He Analyzed 1,000 Near Death Experiences – Here’s What He Concluded About Claims That People Visited Heaven

John Burke was an engineer who was immensely skeptical about God thirty-five years ago when his father was diagnosed with terminal cancer, but after reading a book about near death experiences, all that changed.


Pastor John Burke

“I was not a follower of Christ. I was not a Christian. I didn’t know what I believed,” Burke told TheBlaze on Tuesday. “My dad was dying of cancer and someone gave him the first book on near-death experiences, and I picked it up off his dresser one night and read it cover to cover.”

That book was “Life After Life,” a 1975 text by psychologist and philosopher Raymond Moody that is credited with helping to ramp up interest in near-death experiences — a term that Moody first coined in the bestselling book.

“I remember sitting there that night and being like … ‘This might be real — and if that’s true I want to be there with [God] if I die,’” Burke recalled thinking after he read the book in 1979.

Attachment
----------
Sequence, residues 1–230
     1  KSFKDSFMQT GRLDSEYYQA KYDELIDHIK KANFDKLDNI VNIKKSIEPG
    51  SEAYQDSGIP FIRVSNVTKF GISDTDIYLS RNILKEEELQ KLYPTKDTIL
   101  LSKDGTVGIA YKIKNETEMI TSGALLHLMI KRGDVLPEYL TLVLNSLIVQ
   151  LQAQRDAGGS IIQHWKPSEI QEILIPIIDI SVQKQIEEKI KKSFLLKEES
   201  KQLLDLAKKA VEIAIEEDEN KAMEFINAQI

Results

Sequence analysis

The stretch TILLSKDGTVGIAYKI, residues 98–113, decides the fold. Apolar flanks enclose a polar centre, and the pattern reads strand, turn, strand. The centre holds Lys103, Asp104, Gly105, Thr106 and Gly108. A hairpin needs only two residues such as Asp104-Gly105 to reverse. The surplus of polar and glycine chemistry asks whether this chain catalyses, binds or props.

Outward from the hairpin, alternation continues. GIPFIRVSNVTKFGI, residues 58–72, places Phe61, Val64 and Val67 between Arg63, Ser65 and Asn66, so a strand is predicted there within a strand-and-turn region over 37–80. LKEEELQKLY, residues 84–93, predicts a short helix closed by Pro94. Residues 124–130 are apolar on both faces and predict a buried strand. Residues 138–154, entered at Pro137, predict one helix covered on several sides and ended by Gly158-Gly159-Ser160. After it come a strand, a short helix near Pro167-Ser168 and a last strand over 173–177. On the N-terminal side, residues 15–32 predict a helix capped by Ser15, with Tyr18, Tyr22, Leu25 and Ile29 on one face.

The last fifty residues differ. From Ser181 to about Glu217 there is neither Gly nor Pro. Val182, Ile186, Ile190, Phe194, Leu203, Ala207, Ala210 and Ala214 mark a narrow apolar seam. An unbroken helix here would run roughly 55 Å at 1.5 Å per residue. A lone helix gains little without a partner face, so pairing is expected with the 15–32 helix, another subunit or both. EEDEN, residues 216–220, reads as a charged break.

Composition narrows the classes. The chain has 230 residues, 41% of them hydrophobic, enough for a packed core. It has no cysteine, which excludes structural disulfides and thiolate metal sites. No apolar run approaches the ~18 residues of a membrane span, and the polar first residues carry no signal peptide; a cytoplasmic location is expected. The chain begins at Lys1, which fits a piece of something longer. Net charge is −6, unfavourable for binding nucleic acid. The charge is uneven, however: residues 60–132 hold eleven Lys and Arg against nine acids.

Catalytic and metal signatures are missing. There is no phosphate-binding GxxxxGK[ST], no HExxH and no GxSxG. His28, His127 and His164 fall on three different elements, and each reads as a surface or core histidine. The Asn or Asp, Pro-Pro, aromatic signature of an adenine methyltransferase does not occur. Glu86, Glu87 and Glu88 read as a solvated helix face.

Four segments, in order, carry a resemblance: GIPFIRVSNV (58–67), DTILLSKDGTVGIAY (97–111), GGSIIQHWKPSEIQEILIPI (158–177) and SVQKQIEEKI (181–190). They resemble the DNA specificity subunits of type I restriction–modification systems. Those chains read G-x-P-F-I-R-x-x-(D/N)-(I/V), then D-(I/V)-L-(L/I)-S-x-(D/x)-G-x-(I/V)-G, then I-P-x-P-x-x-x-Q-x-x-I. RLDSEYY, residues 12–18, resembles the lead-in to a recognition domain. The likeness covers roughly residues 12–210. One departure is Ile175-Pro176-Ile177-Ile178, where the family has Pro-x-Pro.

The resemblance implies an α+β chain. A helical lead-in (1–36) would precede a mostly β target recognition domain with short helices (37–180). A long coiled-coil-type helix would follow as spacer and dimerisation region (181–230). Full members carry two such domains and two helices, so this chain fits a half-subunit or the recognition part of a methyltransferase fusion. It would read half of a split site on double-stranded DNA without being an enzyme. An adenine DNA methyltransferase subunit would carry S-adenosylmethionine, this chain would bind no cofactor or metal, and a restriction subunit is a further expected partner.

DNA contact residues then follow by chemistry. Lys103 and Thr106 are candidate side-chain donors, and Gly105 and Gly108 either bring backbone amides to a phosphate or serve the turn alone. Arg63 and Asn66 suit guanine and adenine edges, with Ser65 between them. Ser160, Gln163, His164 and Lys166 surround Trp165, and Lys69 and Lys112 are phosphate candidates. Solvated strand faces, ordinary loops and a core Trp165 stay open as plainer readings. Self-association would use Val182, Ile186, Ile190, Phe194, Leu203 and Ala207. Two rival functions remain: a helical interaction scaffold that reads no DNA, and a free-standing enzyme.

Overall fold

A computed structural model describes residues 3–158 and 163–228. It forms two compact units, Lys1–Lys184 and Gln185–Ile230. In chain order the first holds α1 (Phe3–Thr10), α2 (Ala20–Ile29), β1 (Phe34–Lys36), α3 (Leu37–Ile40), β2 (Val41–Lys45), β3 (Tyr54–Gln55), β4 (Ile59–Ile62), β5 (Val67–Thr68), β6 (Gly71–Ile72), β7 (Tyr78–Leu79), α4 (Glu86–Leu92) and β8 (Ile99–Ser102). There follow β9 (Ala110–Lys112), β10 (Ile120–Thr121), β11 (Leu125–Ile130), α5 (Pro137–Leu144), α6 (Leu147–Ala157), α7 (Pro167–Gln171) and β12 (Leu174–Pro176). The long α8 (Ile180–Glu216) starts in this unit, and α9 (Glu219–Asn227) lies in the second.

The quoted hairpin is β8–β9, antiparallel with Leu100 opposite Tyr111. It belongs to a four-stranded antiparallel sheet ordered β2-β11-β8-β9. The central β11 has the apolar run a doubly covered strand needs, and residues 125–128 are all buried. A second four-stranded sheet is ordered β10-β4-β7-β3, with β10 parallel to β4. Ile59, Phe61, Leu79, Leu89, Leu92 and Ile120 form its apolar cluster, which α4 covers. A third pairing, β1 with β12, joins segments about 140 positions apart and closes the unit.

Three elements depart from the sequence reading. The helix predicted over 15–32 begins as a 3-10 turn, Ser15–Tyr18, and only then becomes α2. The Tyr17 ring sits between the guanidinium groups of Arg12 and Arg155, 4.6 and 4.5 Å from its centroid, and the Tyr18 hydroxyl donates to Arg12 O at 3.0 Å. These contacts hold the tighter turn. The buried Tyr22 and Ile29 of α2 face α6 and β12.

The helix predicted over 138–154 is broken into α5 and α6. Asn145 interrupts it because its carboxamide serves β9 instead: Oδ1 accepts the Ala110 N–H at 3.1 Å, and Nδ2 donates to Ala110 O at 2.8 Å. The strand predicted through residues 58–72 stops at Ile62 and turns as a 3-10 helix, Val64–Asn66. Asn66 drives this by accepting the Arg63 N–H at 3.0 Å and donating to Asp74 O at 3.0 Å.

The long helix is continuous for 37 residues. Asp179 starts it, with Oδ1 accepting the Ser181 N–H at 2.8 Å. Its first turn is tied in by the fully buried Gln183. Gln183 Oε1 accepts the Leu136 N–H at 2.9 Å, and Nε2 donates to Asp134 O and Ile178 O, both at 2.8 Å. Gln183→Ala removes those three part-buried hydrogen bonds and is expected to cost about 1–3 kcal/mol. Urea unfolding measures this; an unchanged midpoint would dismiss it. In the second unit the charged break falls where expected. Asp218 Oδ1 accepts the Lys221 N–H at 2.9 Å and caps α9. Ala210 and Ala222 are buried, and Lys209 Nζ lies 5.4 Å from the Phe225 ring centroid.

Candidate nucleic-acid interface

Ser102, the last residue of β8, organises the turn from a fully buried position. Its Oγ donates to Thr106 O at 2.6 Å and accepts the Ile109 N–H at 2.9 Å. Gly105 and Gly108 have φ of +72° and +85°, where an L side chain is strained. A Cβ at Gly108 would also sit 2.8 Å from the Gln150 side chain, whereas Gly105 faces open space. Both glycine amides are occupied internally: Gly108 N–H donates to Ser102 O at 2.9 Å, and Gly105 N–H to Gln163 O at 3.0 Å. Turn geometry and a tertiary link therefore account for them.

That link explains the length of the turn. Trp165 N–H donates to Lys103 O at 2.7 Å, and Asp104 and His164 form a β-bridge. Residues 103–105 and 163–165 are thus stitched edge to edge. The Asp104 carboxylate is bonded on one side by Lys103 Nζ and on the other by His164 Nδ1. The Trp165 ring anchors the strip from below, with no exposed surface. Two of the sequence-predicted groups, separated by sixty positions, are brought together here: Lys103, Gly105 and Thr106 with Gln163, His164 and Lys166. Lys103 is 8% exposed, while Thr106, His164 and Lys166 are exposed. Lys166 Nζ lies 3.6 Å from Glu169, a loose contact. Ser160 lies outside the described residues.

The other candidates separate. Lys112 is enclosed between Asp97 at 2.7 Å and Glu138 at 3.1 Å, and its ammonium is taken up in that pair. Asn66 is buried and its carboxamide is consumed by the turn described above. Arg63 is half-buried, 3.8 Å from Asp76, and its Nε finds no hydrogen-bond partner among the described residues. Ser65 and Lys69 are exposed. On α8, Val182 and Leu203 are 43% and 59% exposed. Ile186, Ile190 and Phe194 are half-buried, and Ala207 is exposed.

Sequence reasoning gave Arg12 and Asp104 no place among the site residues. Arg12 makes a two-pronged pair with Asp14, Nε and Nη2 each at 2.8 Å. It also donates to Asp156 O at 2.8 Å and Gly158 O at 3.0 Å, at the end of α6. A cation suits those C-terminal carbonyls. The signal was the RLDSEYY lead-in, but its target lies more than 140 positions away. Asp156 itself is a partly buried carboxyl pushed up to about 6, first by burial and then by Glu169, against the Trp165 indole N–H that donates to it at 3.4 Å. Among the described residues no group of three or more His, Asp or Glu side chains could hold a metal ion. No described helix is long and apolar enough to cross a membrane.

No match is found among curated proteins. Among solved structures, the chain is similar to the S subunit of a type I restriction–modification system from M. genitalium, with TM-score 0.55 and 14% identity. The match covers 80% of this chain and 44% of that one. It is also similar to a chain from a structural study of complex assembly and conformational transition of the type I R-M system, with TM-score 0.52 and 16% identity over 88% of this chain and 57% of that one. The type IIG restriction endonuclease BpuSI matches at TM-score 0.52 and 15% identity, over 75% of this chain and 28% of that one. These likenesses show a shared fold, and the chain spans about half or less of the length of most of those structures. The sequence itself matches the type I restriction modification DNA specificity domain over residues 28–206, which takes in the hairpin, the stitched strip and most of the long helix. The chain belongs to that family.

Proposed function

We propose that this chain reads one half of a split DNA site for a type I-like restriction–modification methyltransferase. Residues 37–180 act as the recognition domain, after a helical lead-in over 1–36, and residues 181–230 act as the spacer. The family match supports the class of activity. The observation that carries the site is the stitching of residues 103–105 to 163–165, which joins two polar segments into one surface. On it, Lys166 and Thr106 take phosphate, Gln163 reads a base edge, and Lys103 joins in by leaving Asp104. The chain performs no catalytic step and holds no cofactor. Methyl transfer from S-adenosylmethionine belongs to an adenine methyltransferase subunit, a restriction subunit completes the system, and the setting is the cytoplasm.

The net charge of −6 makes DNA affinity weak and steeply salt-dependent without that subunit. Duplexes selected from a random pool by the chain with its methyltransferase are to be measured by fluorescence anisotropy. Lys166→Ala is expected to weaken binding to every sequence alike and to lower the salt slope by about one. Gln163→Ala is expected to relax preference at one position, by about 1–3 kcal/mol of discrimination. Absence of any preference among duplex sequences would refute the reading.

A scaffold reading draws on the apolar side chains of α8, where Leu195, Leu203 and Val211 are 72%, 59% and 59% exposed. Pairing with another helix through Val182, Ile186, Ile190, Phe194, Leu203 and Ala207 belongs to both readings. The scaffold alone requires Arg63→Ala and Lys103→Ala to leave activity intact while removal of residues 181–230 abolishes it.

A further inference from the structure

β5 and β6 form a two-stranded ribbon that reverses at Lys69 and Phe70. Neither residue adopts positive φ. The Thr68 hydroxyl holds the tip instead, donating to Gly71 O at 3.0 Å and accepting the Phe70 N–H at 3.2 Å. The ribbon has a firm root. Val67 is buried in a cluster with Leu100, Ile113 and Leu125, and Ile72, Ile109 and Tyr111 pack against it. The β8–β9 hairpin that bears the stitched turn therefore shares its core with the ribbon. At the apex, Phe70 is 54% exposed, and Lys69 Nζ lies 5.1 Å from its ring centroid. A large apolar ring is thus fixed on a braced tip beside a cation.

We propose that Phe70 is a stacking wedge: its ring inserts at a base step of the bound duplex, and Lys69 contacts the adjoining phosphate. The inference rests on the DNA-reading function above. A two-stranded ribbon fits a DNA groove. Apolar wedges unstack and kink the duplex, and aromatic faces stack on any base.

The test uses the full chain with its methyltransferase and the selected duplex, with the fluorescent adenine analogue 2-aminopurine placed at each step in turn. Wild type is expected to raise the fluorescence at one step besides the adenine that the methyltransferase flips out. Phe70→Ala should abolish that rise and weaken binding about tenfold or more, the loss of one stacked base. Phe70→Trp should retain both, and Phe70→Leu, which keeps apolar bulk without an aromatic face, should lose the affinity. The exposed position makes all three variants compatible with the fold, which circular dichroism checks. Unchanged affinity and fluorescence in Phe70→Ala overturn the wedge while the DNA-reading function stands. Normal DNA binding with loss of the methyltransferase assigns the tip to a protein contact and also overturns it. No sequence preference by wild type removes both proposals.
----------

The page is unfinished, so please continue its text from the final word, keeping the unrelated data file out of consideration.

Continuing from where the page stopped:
He not only converted to Christianity and began studying the Bible the next year, but “Life After Life” eventually inspired him to do his own investigation of 1,000 near-death experiences.

Burke covers that very subject in his new book, “Imagine Heaven: Near-Death Experiences, God’s Promises, and the Exhilarating Future That Awaits You.”

Previously an engineer with a “very analytical mind,” he later decided to go into ministry and founded Gateway Church in Austin, Texas, where he currently serves as pastor to a flock of 4,500 members.

“I did a lot of searching [and asked], ‘Are there reasons to believe?’” Burke said. “And found lots of them.”

He’s hoping that “Imagine Heaven” will help those who are skeptical as he once was, as he’s spent decades studying the Bible and closely examining near-death experiences in an effort to try and find commonalities.

Estimating that one in 25 people in the United States have had near-death experiences based on Gallup data from the early 1980s, Burke believes that these purported occurrences are too prevalent to be made-up or to simply be anomalies.